My Open Letter to City Designers

I originally wrote this email for the Des Moines City Council. For the past month, I’ve adjusted the verbiage to reflect what I’ve heard in their City Council Meetings with the Public. I also adjust the bullet points and actions I wish to see them take. Otherwise, most of the letters are verbatim what I… Continue reading My Open Letter to City Designers

Indigeous Peoples’ Day: We Need to Show Up Year Round

Indigenous People’s Day. The wind blows fiercely as the leaves tumble down the sidewalk. At the capitol, Indigeous people speak their truths, broadcast it in a livestream. Around them and us, Western Society throttles on slowly, its gears mucked up with Mother Nature, the pandemic slowly everything down. Ilarion (Larry) Merculieff (Unangan Tunuu) and Libby… Continue reading Indigeous Peoples’ Day: We Need to Show Up Year Round

Accessible Spaces

For definitions on the terms used here and an example that breaks down ableism, see my Tackling Ableism post. NOTE: i think i am probably preaching to the choir here, but i’ve thought a lot about disability justice lately and how movements practice that.  (Note: i’m in pain today so capitalization isn’t happening). This was… Continue reading Accessible Spaces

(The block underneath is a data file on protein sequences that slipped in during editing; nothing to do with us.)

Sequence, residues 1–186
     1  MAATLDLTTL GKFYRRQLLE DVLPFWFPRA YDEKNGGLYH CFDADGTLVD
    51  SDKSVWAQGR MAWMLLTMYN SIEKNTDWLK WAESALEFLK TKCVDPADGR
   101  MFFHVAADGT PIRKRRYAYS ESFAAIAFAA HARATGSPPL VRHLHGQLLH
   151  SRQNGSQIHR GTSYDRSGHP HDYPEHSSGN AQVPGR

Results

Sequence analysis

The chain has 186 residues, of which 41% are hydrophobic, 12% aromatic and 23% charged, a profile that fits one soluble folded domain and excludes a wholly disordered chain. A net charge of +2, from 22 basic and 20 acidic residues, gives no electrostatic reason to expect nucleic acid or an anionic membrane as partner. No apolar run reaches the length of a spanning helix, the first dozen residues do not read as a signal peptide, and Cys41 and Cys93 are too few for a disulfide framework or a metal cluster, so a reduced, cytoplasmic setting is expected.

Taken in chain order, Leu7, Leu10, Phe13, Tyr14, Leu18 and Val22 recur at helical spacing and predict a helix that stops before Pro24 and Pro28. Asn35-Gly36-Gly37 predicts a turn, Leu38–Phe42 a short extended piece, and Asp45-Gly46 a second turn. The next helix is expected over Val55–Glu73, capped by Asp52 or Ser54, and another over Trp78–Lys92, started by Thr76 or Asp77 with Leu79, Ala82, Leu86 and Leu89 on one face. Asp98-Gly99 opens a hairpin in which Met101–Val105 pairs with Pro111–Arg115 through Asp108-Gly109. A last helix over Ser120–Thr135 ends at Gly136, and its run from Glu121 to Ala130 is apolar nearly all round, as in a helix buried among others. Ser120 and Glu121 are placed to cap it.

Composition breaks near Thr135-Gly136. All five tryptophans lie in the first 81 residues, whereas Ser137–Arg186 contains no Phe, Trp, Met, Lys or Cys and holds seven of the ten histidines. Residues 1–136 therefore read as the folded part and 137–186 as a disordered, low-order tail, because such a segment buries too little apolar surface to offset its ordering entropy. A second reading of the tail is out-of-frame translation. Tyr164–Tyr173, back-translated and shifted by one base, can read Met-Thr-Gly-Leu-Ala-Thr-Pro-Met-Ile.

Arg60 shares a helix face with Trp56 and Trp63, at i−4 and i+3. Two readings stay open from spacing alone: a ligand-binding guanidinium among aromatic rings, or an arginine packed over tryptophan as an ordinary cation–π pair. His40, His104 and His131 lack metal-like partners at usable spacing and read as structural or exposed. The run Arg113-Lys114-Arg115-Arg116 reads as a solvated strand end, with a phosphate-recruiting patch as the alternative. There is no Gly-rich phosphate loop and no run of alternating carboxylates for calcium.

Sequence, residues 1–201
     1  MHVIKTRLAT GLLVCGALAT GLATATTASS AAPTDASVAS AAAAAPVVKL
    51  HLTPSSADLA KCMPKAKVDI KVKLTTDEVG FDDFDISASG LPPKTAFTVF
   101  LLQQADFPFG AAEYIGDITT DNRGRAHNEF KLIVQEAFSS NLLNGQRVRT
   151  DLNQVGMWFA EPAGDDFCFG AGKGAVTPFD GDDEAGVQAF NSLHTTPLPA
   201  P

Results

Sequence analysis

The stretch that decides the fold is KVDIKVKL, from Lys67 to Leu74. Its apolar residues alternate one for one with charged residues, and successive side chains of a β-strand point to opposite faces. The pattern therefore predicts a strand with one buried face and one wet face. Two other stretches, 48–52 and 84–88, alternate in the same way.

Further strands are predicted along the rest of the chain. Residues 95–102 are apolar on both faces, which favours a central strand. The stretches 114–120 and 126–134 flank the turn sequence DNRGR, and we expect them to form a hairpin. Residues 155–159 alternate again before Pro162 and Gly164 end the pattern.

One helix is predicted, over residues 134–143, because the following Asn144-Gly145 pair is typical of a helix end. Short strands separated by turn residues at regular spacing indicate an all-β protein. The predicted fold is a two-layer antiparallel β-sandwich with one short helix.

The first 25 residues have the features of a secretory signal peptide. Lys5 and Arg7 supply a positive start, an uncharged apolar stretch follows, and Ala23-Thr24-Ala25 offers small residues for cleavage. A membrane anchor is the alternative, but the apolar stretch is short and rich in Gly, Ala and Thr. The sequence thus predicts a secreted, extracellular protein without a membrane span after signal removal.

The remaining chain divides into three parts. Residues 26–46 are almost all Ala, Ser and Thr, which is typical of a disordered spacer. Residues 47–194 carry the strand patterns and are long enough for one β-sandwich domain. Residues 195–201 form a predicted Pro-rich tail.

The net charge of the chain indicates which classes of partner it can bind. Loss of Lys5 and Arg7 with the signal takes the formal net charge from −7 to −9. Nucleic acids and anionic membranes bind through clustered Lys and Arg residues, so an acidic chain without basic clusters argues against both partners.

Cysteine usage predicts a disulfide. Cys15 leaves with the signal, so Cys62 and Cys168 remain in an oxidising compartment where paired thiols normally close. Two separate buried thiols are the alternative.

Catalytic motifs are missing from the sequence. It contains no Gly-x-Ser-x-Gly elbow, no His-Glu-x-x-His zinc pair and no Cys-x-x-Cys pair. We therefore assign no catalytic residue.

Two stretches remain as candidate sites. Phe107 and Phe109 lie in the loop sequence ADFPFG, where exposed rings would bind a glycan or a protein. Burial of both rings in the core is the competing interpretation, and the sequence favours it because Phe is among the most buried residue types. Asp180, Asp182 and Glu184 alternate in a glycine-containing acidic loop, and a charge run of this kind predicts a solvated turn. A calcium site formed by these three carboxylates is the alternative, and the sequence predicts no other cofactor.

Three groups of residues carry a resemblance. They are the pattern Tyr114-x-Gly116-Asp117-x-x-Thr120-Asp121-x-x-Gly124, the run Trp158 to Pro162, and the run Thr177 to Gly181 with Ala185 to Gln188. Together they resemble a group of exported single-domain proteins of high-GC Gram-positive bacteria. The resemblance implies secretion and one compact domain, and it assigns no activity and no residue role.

Tackling Ableism Framing

I’m going to discuss Ableism framing in this article, and to do so, I’ll use an example from a friend (who attends social distancing church services). First, let’s cover some basic definitions. Definitions: Abled-bodied person is a person who is not disabled. As in they have no physical or mental disabilities. Or they are someone… Continue reading Tackling Ableism Framing

Characters with Disabilities

It is rare to find any book that has a character with a disability.  Usually if they do appear, the character spends the book finding a way to defeat the disability, to conquer it, and to become able-bodied again. There are quite a few disability tropes, and these tropes in general are bad.  It’s rare… Continue reading Characters with Disabilities